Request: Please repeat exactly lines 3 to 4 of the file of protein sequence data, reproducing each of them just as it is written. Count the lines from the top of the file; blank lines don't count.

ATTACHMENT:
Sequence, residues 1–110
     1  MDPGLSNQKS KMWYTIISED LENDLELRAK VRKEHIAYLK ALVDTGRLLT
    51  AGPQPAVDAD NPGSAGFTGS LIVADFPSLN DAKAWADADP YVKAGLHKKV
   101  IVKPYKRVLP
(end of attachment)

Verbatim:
    51  AGPQPAVDAD NPGSAGFTGS LIVADFPSLN DAKAWADADP YVKAGLHKKV
   101  IVKPYKRVLP